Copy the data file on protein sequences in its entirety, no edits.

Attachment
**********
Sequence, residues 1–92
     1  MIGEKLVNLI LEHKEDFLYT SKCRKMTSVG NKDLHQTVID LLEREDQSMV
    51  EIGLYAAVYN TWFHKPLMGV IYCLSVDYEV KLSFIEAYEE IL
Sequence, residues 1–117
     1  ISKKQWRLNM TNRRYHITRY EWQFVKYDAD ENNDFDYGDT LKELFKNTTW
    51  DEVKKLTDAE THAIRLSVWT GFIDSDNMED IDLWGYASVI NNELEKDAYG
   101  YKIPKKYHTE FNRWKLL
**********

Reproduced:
Sequence, residues 1–92
     1  MIGEKLVNLI LEHKEDFLYT SKCRKMTSVG NKDLHQTVID LLEREDQSMV
    51  EIGLYAAVYN TWFHKPLMGV IYCLSVDYEV KLSFIEAYEE IL
Sequence, residues 1–117
     1  ISKKQWRLNM TNRRYHITRY EWQFVKYDAD ENNDFDYGDT LKELFKNTTW
    51  DEVKKLTDAE THAIRLSVWT GFIDSDNMED IDLWGYASVI NNELEKDAYG
   101  YKIPKKYHTE FNRWKLL